The man who made Roulette into New York's music lab

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The man who made Roulette into New York's music lab
Jose Davila, Liberty Ellman and Henry Threadgill at Roulette in New York on Oct. 2, 2008. Unlike many similar experimental arts venues now lost to time, Roulette has thrived and grown. (Rachel Papo/The New York Times)

by Steve Smith



NEW YORK, NY.- Saturated in sunlight on a recent afternoon, the spacious Tribeca loft that once housed Roulette somehow feels smaller than it looms in memory. For nearly 25 years, an array of established and emerging composers, improvisers, electronic producers and choreographers held court in the long, tall main room. Visitors had to pass through a kitchen: a reminder that the loft was also the home of Jim Staley, the trombonist and composer who was a founder of Roulette.

Unlike many similar experimental arts venues now lost to time, Roulette has thrived and grown, now occupying a 14,000-square-foot space in downtown Brooklyn. But Staley, 73, who still lives in the Tribeca loft, has decided that the time has come to step away. When this season ends in June, he will give up his role as artistic director.

It’s another evolution for a vital institution that has seen many. Roulette was established in Chicago in 1978 as a way for five recent University of Illinois Urbana-Champaign graduates, including Staley, to produce their own work. But the collaborative changed course after Staley, an Army veteran, moved to New York.

Joined by two other Roulette founders — graphic artist Laurie Szujewska and composer David Weinstein — Staley hosted a modest five-concert series at his loft in 1980. After that, “We got a lot of proposals,” Staley said. “And we just decided, let’s do them all. We ended up doing about 30 concerts in the fall.”

Pursuing an aesthetic guided as much by John Coltrane as by John Cage, Roulette became a crucial laboratory for the downtown-music scene, providing artists like John Zorn, Shelley Hirsch, George Lewis, Ikue Mori and many more with space, resources and recorded documentation of their work. Those artists still perform at Roulette, forming an enduring community with newer generations whose development they helped to nurture.

Zeena Parkins, the estimable harpist and composer, recalled starting there as a fledgling sound engineer in 1986, soaking up all the sounds on offer.

“I learned how to mix sound,” Parkins said in an interview, “how to run cables, how to record, and I would get to see all of the artists who performed there.” By 1987 she was presenting her own work at Roulette, and she now serves on the organization’s artistic advisory council.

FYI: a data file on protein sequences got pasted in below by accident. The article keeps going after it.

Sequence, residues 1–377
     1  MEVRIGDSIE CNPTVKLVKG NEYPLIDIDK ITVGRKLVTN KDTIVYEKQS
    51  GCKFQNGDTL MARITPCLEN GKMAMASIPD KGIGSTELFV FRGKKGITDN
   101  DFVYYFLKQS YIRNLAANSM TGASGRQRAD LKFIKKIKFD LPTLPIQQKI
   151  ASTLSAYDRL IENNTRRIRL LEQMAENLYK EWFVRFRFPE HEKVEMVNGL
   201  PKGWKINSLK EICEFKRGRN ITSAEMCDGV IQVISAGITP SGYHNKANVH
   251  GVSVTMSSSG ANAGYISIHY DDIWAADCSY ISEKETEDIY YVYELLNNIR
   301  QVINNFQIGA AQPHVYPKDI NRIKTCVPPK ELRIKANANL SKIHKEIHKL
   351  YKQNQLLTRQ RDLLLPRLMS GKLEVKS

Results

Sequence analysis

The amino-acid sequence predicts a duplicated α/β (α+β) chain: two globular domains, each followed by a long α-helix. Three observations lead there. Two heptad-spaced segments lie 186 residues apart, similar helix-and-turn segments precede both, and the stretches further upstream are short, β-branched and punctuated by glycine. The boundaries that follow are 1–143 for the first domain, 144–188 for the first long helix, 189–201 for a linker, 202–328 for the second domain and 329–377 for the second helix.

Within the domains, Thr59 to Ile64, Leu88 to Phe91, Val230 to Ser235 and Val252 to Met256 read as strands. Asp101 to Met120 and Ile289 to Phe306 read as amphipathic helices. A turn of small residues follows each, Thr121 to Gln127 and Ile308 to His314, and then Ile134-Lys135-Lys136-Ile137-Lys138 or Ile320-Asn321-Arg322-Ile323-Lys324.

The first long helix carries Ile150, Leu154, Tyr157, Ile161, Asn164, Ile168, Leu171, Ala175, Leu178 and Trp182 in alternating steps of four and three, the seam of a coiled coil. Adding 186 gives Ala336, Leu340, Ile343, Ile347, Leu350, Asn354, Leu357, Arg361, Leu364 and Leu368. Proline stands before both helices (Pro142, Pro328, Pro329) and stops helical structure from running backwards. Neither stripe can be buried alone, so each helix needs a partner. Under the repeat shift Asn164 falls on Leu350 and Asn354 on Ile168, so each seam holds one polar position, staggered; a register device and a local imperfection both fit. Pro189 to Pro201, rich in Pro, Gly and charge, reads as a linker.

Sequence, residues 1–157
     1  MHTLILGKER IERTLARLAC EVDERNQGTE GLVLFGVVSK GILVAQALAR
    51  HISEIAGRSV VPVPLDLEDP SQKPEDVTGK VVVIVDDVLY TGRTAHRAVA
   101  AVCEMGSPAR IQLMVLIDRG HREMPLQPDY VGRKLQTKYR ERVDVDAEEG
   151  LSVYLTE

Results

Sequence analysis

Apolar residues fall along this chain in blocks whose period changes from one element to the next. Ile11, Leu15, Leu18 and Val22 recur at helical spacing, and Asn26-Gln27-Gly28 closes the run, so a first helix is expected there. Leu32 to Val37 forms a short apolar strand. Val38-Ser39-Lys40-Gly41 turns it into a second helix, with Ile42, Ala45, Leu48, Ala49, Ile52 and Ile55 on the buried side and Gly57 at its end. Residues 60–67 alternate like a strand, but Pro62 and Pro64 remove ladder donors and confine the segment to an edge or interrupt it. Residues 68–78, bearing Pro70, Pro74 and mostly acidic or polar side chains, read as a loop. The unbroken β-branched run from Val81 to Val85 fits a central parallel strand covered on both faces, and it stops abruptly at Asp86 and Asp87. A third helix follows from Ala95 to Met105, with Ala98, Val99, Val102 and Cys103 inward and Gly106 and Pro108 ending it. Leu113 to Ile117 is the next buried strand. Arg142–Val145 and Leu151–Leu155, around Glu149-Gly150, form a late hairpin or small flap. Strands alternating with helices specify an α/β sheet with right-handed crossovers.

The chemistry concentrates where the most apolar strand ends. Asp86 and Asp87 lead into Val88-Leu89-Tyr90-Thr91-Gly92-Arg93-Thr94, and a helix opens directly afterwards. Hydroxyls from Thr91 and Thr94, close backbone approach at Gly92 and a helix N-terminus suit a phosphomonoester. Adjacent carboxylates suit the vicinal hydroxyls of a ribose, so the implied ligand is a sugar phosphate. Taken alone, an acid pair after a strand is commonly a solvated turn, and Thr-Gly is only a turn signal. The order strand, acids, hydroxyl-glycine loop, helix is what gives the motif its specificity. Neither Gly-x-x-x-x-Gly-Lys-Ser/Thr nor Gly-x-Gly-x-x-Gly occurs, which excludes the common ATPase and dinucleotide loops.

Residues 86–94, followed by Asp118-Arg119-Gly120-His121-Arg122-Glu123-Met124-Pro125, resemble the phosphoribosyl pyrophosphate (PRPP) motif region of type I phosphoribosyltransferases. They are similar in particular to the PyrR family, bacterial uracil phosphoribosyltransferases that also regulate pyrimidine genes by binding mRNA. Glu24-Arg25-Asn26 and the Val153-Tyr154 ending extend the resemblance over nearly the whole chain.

In 2003, Staley moved Roulette to Location One, a SoHo gallery. Seven years later, Roulette left Manhattan for a new home in Brooklyn, a Beaux-Arts theater renovated and rewired with state-of-the-art audio and video facilities. Orchestral concerts, staged operas and multimedia events became part of the mix.

In planning for his departure, Staley split his leadership role between two staffers with long ties to the institution. Matt Mehlan, a musician and producer who joined Roulette in 2006 as a sound engineer, will become artistic director. Jamie Burns, who came from the publishing world in 2014, now serves as its executive director.

Mehlan, a founder of the now-defunct community art space Silent Barn, said in an interview that the core mission Staley conceived would remain — but evolve. “The experimentalism that Roulette is premised on has seeped into so much of culture,” he said. “I have this deep belief that experimental music is at the core of all music. So we have this opportunity to educate our future audiences on what our history means, and where it takes us into the future.”

That future includes a role for Staley as a producer. Interviewed at the loft where Roulette first planted roots in New York, he discussed its conception and evolution, and why it was time to move on. Here are edited excerpts from the conversation.

Q: Roulette has been an archetypal New York City space for decades, but most people don’t know it started in Chicago. How did you wind up in Tribeca?

A: I’d just finished up at the University of Illinois. The year before, I went out to California, the Bay Area and LA — this was in 1977. While I loved it out there, because I’d been in San Francisco when I was in the Army, I was looking for a place that had the intensity I’d had at university, but at a professional level. So New York ended up making the most sense.